Immortal names, emblazon'd on our line, Shrank back appalld, and trembled for their home, Pause-ere their feebler offspring you condemn, As glared the volumed blaze and ghastly shone Reflect how hard the task to rival them! The skies, with lightnings awful as their own,

Friends of the stage! to whom both players and Till blackening ashes and the lonely wall

Must sue alike for pardon or for praise ;

plays Usurp'd the Muse's realm, and mark'd her fall;

Whose judging voice and eye alone direct
Say-shall this new, nor less aspiring pile,

The boundless power to cherish or reject;
Reard where once rose the mightiest in our isle, If e'er frivolity has led to fame,
Know the same favour which the former knew,

And made us blush that you forbore to blame; A shrine for Shakspeare-worthy him and you?

If e'er the sinking Stage could condescend Yes-it shall be the magic of that name To soothe the sickly taste it dare not mend, Defies the scythe of time, the torch of Hame; All past reproach may present scenes refute, On the same spot still consecrates the scene, And censure, wisely loud, be justly mute!(4) And bids the Drama be where she hath been: Oh! since your fiat stamps the Drama's laws, This fabric's birth attests the potent spell

Forbear to mock us with misplaced applause; Indulge our honest pride, and say, How well! So pride shall doubly nerve the actor's powers, As soars this fane to emulate the last,

And reason's voice be echo'd back by ours ! Oh! might we draw our omens from the past, This greeting o'er, the ancient rule obey'd, Some hour propitious to our prayers may boast The Drama's homage by her herald paid,

(1) The theatre in Drury Lane, which was opened, in 1747, "When Garrick died, and Brinsley ceased to write.' with Dr. Johnson's masterly address, beginning,

Ceasing to live is a much more serious concern, and ought not " When Learning's triumph o'er ber barbarous foes,

to be first. Second thoughts in every thing are best; but, in First rear'd the Stage, immortal Shakspeare rose,'

rhyme, third and fourth don't come amiss. I always scrawlin and witnessed the last glories of Garrick, having fallen into this way, and smooth as fast as I can, but never sufficiently; decay, was rebuilt in 1794. The new building perished by fire and latterly, I can weave a nine-line stanza faster than a couplet, in 1811; and the managers, in their anxiety that the opening for which measure I have not the cunning. When I began of the present edifice should be distinguished by some compo- Childe Harold, I had never tried Spenser's measure, and now sition of at least equal merit, advertised in the newspapers for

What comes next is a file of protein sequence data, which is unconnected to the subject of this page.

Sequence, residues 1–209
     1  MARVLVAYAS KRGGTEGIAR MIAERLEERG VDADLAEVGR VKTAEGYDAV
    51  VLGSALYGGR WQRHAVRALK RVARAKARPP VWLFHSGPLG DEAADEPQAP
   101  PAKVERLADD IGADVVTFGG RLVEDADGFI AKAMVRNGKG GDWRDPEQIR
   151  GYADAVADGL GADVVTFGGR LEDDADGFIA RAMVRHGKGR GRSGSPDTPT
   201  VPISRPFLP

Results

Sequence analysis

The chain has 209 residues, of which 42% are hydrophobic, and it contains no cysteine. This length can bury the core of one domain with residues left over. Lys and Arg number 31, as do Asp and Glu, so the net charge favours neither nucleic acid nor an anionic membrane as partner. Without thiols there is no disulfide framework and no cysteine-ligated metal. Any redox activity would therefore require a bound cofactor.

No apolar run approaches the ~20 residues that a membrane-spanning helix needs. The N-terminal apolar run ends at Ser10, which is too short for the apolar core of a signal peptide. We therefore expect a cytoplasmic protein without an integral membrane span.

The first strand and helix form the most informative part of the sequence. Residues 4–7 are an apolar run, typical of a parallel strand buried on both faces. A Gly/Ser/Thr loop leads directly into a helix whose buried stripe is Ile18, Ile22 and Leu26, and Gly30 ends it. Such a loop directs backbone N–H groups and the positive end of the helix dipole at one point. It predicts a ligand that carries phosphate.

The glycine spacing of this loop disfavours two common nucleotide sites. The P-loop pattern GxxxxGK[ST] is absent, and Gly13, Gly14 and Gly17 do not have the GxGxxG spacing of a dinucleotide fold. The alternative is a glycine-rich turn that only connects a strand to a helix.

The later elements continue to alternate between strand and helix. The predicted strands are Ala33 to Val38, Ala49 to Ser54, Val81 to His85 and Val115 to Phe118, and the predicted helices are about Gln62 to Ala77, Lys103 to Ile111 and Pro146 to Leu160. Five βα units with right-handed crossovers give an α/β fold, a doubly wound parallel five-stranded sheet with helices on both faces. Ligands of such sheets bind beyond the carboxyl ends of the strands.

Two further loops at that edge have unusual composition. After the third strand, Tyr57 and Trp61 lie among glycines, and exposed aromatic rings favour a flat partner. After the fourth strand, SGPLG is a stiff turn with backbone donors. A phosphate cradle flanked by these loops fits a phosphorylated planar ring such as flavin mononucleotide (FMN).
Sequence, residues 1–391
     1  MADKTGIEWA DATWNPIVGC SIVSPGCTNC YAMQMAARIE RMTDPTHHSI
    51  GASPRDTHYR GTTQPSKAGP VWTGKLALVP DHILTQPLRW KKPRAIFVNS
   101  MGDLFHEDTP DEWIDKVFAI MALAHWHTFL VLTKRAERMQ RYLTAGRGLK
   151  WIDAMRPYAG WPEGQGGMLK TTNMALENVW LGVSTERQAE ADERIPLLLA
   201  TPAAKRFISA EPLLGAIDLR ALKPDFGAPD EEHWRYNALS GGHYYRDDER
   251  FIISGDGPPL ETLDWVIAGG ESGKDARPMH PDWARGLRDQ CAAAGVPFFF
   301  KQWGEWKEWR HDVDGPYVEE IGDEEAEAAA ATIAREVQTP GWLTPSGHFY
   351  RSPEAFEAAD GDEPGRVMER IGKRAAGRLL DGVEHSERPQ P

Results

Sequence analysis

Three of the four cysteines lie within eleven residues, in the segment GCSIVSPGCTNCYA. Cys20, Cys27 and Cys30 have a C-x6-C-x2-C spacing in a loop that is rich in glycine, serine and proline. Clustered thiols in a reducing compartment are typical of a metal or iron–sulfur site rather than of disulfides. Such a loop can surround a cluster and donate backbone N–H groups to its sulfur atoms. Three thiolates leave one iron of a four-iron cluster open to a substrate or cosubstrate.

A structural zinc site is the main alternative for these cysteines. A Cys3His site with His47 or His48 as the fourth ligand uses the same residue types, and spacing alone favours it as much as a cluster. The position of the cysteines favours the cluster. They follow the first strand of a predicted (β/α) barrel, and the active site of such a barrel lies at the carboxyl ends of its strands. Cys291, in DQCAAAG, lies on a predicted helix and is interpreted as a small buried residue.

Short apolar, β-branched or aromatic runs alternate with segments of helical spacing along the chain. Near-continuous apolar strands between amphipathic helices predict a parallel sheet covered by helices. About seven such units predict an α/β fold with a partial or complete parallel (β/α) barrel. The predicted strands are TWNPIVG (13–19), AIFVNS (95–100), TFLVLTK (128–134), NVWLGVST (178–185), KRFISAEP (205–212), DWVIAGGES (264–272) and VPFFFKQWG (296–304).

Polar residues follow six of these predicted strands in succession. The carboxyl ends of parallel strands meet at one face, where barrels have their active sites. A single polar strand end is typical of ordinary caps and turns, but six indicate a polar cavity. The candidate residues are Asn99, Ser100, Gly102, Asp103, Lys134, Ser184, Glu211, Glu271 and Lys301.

I cannot scribble in any other. B. to Lord 11.-E. a general competition. Scores of addresses, not one tolerable

(4) The following lines were omitted by the Committee:showered on their desk, and they were in sad despair, when

“ Nay, lower still, the Drama yet deplores Lord Holland interfered, and, not without difficulty, prevailed

That late she deiga'd to crawl upon all-lours,

When Richard roars at Boswcrth for a horse, on Lord Byron lo write these verses—"at the risk," as he said,

If command, the steed must come in course. * of offending a hundred scribblers and a discerning public.” If you decree, the stage must condescend The admirable jeu d'esprit of the Messrs. Smith will long pre

To soothe the sickly taste we dare not mend. serve the memory of the Rejected Addresses.-E.

Blame not our judgment should we arquiesce, (2) “By the by, the best view of the said fire (which I myself

And gratily you more by showing less;

The past reproach let present scenes refute, saw from a house-lop in Covent Garden) was at Westminster Nor shift from man to babe, from babe to brute." Bridge, from the reflection of the Thames.B. to Lord H.-E. " Is Whitbread," said Lord Byron, “determined to castrale

(3) Originally, “Ere Garrick died,” etc.-"By the by, one of all my cavalry lines? I do implore, for my own gratification, my corrections in the copy sent yesterday has dived into the one lash on those accursed quadrupeds-- a long shot, Sir bathos some sixty fathom

Lucius, if you love me.'”-E.


Receive our welcome too, whose every tone (own. "

“Three who have stolen their witching airs from Springs from our hearts, and fain would win your

Cupid" The curtain rises-may our stage unfold

(You all know what I mean, unless you ’re stupid): Scenes not unworthy Drury's days of old!

“Harmonious throng” that I have kept in pello, Britons our judges, Nature for our guide, Now to produce in a “divine sestetto!!" Still may we please-long, long may you preside!(1) “While Poesy,” with these delightful doxies,

“Sustains her part” in all the “upper” boxes! PARENTHETICAL ADDRESS(2)

“Thus lifted gloriously, you 'll soar along,"

Borne in the vast balloon of Busby's song;

“Shine in your farce, masque, scenery, and play" Half stolen, with acknowledgments, to be spoken in an inarti- (For this last line George had a holiday). culale voice by Master B. at the opening of the next new

Old Drury never, never soar'd so high," theatre. Stolen parts marked with the inverted commas of quotation-tbus “__

So says the manager, and so say I. “WHEN energising objects men pursue,"

“But hold, you say, this self-complacent boast;" Then Lord knows what is writ by Lord knows who.